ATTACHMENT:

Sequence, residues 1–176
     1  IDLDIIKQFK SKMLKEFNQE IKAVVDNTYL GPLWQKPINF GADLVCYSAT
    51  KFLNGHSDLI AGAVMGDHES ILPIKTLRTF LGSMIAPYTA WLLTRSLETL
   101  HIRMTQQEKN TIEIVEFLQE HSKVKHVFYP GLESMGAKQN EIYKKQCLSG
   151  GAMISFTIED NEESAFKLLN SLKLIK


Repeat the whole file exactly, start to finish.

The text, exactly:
Sequence, residues 1–176
     1  IDLDIIKQFK SKMLKEFNQE IKAVVDNTYL GPLWQKPINF GADLVCYSAT
    51  KFLNGHSDLI AGAVMGDHES ILPIKTLRTF LGSMIAPYTA WLLTRSLETL
   101  HIRMTQQEKN TIEIVEFLQE HSKVKHVFYP GLESMGAKQN EIYKKQCLSG
   151  GAMISFTIED NEESAFKLLN SLKLIK